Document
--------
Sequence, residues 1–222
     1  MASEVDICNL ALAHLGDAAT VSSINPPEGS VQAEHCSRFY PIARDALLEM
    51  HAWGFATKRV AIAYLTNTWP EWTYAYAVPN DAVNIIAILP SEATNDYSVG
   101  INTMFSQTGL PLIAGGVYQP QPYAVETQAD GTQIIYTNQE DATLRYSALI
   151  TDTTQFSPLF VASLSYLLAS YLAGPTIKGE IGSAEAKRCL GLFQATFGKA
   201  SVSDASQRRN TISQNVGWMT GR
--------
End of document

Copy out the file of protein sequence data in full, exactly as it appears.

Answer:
Sequence, residues 1–222
     1  MASEVDICNL ALAHLGDAAT VSSINPPEGS VQAEHCSRFY PIARDALLEM
    51  HAWGFATKRV AIAYLTNTWP EWTYAYAVPN DAVNIIAILP SEATNDYSVG
   101  INTMFSQTGL PLIAGGVYQP QPYAVETQAD GTQIIYTNQE DATLRYSALI
   151  TDTTQFSPLF VASLSYLLAS YLAGPTIKGE IGSAEAKRCL GLFQATFGKA
   201  SVSDASQRRN TISQNVGWMT GR